Adobe has slapped the Acrobat name on the latest version of Macromedia Breeze, now known as Acrobat Connect. Connect is a meeting tool, much like WebX or NetMeeting, that enables all kinds of media - PDFs, images, video - to be pushed to all participants. The basic version allows hosted meetings of up to 15 people with limited media use; a Professional version can be installed on a company's own servers with no preset attendee limit. The Professional version contains a full suite of tools for media sharing, voice over IP, and a variety of reporting tools. The hosted version of Connect ships in November, along with the rest of the Acrobat suite; the Professional version is expected in December.
Creative Suite 2.3 has a street price of $1,200 for the premium edition, which includes Acrobat 8 Professional and Dreamweaver. Existing CS2 owners can pay $160 for an upgrade. Owners of any other version or edition of Creative Suite can pay $550 for a full upgrade. Acrobat 8 Professional will cost $450, with upgrades for many previous editions costing $160. Acrobat 8 Standard runs $300, with a variety of upgrades at $100. Acrobat Connect will cost $40 per month per user for the basic hosted version; pricing for the on-site professional flavor wasn't announced. The basic Acrobat Connect will have a free trial running from its release through the end of the year.
Staff Roundtable -- We're trying something a little different with this article. Rather than attempt to have one person integrate into the article the kind of internal discussion that inevitably takes place after an announcement of this ilk, we thought we'd let you listen in on our more trenchant thoughts and comments. Glenn and Jeff have significant background with GoLive, having written three editions of "Real World Adobe GoLive," whereas Adam has spent vast amounts of time in Acrobat Professional fiddling with PDF files for Take Control.
[Glenn Fleishman]: Despite an extremely talented group of people who have been developing GoLive since its CyberStudio days before the Adobe acquisition, the program faltered by release 6.0 several years ago and never recovered its position relative to Dreamweaver. Dreamweaver outpaced GoLive on integrated handling of scripts and database results, while GoLive could only marginally handle these tasks. GoLive 6 included a lot of database integration and scripting preview tools that were all abandoned in GoLive CS, along with any hope of competing directly with Dreamweaver. It's been clear since about 2002 that Adobe management was putting substantially fewer resources behind GoLive than Macromedia was putting behind Dreamweaver. GoLive was never a flagship Adobe product, while Macromedia positioned Dreamweaver alongside Director and Flash as a critical tool.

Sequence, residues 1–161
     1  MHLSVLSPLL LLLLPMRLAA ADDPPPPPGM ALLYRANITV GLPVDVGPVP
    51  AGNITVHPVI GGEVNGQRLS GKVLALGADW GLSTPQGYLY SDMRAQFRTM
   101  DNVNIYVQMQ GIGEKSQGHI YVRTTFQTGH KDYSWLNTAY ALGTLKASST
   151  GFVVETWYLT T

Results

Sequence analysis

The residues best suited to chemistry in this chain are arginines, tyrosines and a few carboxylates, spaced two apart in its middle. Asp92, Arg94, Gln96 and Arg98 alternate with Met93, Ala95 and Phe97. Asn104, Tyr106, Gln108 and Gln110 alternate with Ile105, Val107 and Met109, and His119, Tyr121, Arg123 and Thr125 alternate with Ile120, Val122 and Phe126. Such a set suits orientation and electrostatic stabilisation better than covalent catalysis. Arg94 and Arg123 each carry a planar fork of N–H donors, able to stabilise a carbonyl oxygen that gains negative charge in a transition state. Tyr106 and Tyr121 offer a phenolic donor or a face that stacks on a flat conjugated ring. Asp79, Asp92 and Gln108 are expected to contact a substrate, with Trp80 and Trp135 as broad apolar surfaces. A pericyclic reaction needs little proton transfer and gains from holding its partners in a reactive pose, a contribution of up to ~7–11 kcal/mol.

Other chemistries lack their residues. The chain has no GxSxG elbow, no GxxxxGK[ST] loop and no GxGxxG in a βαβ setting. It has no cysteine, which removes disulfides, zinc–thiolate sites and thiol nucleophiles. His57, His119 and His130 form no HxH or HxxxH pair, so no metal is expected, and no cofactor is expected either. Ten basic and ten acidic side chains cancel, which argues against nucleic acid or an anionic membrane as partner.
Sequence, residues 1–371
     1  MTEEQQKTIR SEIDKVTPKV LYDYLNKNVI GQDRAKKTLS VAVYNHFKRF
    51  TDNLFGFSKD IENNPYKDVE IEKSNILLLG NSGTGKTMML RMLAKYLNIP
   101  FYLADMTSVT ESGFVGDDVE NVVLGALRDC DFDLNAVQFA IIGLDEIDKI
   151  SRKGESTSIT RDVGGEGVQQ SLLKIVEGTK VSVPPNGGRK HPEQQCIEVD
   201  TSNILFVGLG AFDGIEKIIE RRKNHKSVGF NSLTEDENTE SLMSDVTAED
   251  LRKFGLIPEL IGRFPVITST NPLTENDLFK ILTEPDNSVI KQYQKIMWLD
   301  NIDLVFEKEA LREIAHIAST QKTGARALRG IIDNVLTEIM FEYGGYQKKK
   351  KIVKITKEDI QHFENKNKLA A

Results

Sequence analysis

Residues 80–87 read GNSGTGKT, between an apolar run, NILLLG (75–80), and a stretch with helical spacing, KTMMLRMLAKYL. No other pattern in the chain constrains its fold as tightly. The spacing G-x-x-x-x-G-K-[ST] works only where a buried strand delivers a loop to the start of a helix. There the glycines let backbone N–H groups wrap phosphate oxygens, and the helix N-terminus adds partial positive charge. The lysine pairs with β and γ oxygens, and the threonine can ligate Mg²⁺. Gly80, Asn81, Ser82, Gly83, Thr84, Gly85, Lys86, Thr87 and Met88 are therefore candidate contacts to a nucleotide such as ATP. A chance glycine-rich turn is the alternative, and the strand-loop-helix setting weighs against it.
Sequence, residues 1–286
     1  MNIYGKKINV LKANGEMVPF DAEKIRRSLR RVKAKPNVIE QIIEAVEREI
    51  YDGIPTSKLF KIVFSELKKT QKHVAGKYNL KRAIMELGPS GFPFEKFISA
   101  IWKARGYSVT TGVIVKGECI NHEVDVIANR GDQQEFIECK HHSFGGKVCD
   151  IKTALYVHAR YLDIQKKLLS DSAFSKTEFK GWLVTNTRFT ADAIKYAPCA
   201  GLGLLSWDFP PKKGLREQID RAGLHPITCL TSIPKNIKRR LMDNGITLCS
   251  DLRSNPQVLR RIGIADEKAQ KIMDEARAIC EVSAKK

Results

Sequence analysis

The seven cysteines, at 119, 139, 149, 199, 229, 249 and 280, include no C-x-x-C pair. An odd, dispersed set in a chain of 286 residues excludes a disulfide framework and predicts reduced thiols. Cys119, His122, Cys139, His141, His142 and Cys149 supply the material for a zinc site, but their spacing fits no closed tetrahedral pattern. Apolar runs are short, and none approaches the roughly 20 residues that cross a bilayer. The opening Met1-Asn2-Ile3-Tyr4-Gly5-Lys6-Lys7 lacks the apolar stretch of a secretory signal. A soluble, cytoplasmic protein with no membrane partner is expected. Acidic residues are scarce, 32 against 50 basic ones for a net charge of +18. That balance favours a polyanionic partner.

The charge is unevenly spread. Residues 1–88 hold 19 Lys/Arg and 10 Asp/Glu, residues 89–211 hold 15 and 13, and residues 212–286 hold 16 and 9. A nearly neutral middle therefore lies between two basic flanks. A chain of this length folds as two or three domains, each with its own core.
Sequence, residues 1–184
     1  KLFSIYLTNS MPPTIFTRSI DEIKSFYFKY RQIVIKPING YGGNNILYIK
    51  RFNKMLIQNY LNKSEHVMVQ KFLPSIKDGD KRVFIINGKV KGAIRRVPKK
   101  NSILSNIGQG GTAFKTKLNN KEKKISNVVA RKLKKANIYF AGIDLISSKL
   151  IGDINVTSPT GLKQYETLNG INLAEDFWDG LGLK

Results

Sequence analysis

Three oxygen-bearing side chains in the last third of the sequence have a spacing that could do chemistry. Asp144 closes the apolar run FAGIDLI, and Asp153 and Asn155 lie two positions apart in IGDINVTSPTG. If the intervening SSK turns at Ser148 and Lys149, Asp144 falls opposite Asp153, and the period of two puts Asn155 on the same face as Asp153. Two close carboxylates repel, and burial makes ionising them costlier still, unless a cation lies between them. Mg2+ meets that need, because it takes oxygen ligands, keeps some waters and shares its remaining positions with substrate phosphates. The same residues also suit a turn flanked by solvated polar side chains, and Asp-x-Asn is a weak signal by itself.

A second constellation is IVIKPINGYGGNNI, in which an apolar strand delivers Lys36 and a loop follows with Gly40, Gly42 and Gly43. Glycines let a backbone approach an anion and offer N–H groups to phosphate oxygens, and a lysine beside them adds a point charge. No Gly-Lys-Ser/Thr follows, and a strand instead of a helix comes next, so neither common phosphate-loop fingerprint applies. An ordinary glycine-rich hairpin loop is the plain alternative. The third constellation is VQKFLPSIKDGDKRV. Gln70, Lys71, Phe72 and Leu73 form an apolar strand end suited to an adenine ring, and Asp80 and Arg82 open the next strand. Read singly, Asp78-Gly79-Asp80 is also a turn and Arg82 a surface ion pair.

As for Acrobat, it's becoming ever harder for a mature product to learn new tricks. Much of Adobe's focus in recent years has been the split focus of improving workflow for print production, in which a PDF file is not just an intermediate stage, but is the intermediate and end stage from which the final piece is produced; and workgroup collaboration, where comments and markup are allowed within PDF files so that groups never need to print anything out. Version 8 continues along those lines but seems to offer little that's remarkable, other than perhaps the improved security features.
One might call the "redaction" feature the "oops, we thought it was a Sharpie" feature. Many documents have been converted from, say, Microsoft Word into PDF and then had black marks placed over sensitive areas. But any Acrobat Professional user could remove the black marks to view the underlying text. No more. Deleted items will now be entirely removed from the PDF.
[Jeff Carlson]: I think GoLive is dead, despite Adobe's words. While Adobe continues to claim ongoing development, pulling GoLive out of the Creative Suite is almost certainly a death knell for the program; most people are using it because it's part of Creative Suite (with some others sticking with it from pure inertia). That said, I'm sure some designers will stick with GoLive (assuming it's updated and not turned into something else) because they've developed a familiarity with it, have built templates with it, and otherwise grok its interface - a significant feat. But if I were currently making my living in GoLive, today's announcement would have sealed the long-pondered decision to switch to Dreamweaver.